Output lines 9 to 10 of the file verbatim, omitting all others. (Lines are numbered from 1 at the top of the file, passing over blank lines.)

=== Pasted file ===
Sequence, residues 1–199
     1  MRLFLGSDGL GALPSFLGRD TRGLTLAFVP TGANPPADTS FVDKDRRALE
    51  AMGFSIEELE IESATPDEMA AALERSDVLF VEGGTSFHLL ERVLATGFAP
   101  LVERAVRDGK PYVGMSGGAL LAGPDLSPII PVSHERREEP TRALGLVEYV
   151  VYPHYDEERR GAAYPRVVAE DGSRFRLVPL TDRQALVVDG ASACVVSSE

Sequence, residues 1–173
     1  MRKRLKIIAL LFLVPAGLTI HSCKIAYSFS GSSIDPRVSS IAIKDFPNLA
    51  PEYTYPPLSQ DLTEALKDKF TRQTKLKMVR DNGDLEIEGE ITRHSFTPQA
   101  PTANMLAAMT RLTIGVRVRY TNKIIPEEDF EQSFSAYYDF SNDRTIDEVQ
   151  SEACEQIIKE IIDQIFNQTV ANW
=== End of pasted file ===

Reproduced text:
   101  PTANMLAAMT RLTIGVRVRY TNKIIPEEDF EQSFSAYYDF SNDRTIDEVQ
   151  SEACEQIIKE IIDQIFNQTV ANW